23 One Sabbath Jesus was going through the grainfields, and as his disciples walked along, they began to pick some heads of grain. 24 The Pharisees said to him, “Look, why are they doing what is unlawful on the Sabbath?”
25 He answered, “Have you never read what David did when he and his companions were hungry and in need? 26 In the days of Abiathar the high priest, he entered the house of God and ate the consecrated bread, which is lawful only for priests to eat. And he also gave some to his companions.”
27 Then he said to them, “The Sabbath was made for man, not man for the Sabbath. 28 So the Son of Man is Lord even of the Sabbath.”
3 Another time Jesus went into the synagogue, and a man with a shriveled hand was there. 2 Some of them were looking for a reason to accuse Jesus, so they watched him closely to see if he would heal him on the Sabbath.3 Jesus said to the man with the shriveled hand, “Stand up in front of everyone.”
4 Then Jesus asked them, “Which is lawful on the Sabbath: to do good or to do evil, to save life or to kill?” But they remained silent.
5 He looked around at them in anger and, deeply distressed at their stubborn hearts, said to the man, “Stretch out your hand.” He stretched it out, and his hand was completely restored. 6 Then the Pharisees went out and began to plot with the Herodians how they might kill Jesus.
This series of controversies about the Sabbath have little meaning in our modern culture. We live in a world of twenty-four hours a day seven days a week access and expectation. It seems odd to us to set aside a whole day to eschew labor of any kind, and Jesus actions strike us not so much as a scandal but as an obvious and practical use of his time.
The tradition of Sabbath goes back to the Old Testament and is one of the Ten Commandments. The Hebrews traced the practice to the mists of creation. Since God rested on the seventh day, people ought to follow the same practice. The decalogue contains no listing of relative punishments or significance so one must assume that do not kill and remember the Sabbath are of equal importance. So, when Jesus violates their interpretation of Sabbath keeping, it is seen as important affront.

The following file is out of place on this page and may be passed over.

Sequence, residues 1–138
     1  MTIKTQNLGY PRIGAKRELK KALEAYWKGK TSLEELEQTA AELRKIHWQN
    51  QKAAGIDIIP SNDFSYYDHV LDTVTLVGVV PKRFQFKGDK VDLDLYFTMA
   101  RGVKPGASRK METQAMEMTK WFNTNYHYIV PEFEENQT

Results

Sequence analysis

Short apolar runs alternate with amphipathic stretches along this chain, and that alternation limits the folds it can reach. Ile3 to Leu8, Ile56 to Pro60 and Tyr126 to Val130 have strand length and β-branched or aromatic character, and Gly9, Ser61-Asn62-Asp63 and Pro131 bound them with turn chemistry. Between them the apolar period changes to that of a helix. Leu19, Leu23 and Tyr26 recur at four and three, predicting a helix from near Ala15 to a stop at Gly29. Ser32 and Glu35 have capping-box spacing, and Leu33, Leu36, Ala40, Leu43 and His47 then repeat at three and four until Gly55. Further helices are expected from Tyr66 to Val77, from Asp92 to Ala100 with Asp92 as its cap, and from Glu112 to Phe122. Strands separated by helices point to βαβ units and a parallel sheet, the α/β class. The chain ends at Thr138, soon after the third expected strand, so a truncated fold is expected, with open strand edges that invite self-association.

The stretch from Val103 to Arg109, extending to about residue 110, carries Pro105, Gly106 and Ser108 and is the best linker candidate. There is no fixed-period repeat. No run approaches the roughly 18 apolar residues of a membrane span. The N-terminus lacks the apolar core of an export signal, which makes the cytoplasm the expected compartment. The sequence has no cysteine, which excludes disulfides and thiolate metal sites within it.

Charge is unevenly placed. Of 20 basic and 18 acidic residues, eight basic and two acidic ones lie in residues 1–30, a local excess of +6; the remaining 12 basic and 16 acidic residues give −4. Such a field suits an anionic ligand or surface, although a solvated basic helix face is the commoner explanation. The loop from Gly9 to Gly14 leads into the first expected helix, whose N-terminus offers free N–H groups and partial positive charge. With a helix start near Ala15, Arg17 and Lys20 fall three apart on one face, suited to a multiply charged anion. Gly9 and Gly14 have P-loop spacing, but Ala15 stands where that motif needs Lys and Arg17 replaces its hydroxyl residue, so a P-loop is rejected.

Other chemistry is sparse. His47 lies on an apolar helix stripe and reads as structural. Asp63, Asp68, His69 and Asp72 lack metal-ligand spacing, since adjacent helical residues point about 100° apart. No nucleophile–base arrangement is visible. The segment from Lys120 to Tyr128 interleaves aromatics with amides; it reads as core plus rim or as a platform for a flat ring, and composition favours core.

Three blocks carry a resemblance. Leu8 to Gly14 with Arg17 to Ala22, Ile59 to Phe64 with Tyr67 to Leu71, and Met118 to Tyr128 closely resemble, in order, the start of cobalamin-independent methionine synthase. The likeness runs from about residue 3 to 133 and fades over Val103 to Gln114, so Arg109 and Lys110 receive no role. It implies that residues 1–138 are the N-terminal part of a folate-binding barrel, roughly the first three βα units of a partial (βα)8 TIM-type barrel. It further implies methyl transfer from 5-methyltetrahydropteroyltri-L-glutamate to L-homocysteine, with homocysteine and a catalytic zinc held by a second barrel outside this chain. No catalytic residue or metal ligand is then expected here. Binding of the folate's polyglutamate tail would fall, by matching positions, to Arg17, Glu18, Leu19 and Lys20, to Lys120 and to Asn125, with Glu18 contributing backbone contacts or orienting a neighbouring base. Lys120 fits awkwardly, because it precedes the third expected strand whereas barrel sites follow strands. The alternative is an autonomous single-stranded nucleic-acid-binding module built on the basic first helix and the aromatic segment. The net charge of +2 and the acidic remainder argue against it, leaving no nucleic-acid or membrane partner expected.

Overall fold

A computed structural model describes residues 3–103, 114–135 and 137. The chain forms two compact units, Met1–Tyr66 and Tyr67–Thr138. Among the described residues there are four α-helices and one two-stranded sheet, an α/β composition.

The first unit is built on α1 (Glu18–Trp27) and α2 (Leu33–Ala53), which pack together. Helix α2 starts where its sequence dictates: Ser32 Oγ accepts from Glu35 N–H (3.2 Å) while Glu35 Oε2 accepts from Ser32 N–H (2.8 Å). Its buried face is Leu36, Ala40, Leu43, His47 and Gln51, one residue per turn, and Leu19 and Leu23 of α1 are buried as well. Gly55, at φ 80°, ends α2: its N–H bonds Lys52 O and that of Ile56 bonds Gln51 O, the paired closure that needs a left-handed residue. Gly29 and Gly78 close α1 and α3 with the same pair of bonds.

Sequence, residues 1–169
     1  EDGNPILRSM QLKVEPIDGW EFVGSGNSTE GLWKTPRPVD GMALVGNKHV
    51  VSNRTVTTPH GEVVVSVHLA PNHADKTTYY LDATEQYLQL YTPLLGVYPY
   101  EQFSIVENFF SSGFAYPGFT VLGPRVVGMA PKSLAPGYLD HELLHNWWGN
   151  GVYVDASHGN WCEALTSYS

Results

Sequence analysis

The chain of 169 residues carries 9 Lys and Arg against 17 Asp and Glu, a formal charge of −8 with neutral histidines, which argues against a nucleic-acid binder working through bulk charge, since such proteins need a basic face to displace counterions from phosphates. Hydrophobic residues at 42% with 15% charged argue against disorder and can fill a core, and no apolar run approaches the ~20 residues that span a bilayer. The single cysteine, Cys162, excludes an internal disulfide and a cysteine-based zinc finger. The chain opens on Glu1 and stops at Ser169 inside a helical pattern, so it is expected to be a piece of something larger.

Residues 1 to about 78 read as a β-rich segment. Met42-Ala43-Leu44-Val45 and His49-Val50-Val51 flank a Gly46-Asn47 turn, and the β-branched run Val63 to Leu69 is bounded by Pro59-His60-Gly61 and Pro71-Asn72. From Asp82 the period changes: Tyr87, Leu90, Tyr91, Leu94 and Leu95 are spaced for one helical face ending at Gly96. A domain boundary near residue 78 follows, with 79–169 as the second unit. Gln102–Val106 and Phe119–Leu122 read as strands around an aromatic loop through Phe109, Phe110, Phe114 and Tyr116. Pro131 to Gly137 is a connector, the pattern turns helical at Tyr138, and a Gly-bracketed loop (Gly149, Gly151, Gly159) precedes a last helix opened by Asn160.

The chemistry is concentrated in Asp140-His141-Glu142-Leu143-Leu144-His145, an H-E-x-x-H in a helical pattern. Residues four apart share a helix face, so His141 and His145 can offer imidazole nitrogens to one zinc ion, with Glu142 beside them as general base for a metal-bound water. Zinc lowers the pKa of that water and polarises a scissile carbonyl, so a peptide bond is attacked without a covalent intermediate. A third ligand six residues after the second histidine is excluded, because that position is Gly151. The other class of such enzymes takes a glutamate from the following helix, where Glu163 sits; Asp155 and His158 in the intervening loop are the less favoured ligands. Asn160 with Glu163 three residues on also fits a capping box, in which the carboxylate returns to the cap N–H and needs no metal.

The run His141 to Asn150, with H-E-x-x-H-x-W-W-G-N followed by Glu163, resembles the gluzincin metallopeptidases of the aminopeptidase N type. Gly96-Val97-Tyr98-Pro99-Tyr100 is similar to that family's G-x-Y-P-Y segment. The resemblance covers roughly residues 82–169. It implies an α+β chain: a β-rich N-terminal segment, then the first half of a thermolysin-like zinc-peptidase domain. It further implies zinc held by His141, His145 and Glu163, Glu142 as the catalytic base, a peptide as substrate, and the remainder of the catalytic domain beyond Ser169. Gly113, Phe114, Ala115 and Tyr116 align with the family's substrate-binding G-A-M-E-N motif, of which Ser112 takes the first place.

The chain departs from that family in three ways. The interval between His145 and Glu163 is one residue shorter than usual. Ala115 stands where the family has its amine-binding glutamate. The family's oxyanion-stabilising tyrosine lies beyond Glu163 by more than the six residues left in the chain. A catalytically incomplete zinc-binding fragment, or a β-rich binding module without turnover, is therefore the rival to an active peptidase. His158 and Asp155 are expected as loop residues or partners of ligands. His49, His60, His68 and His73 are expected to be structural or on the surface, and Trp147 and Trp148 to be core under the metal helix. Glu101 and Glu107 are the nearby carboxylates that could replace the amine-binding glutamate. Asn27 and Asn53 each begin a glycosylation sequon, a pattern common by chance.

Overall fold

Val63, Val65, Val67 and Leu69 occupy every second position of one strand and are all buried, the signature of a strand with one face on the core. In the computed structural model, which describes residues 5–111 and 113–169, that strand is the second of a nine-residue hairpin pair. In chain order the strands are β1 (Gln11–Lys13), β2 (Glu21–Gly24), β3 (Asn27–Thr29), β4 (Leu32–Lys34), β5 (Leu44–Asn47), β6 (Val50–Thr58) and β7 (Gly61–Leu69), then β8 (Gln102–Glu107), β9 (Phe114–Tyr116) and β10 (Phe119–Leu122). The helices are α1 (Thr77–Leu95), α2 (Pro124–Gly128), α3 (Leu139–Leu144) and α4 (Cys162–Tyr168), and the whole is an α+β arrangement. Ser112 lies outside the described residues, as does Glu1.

The first incident is when Jesus and his disciples are walking on Sabbath through the grain fields. As they go, they are making a snack of some of the wheat as they pass. First the Pharisees have said things against Jesus in their hearts, but Jesus heard and answered them. Then the Pharisees ask Jesus disciples why their master behaves so inappropriately, but Jesus heard and answers them. Finally, the Pharisees directly address Jesus with their complaint since he seems to know what they are saying whether they tell him or not.
"Why do you let them break the Sabbath?" The Sabbath as practiced by the Jews of Jesus day was a very regimented affair with clearly defined rules. The disciples may not only have been breaking the rule with regard to work (they were technically harvesting the grain), but also the one that allowed only a certain amount of walking unless it involved going to worship.
Jesus responds in a language that the Pharisees will understand. He uses a story from what is now the Old Testament. David, in a pinch, feeds his soldiers with the bread from the temple. This may seem to us a bit strange for an example as it never refers to the Sabbath but is instead about sacred bread. For the teachers of the law, though, this would have been a reasonable argument from tradition
And Jesus asks the rhetorical question that closes the conflict. Certainly God made the Sabbath for people and not the other way around. When Sabbath traditions cease to be helpful to people they ought to be disregarded.
Jesus doesn't reject the concept of Sabbath, but the rules that had been instituted to protect it from violation. The next incident will show just how trivial and detrimental the Sabbath rules had become.
Jesus heals the man with a shriveled hand. The Pharisees consider this work and another Sabbath violation. If the man had been facing death, Jesus could have healed him, but since his disability could wait to be healed until the next day with no risk of death it had to be delayed. As far as the rules were concerned, the man would just have to continue to suffer.
We are told that even before Jesus acts they are watching and when Jesus heals the man, he does so with anger at them. This is the second angry healing in Mark, the first one when the man with leprosy comes and begs healing. We don't often consider anger and healing together, but in these two cases it is the common motif. Jesus wants to heal, but others want him to heal for their own reasons and this exposes them to Jesus' wrath.
And so the ones who are so concerned with keeping the Sabbath commandment immediately turn their thoughts to breaking one themselves.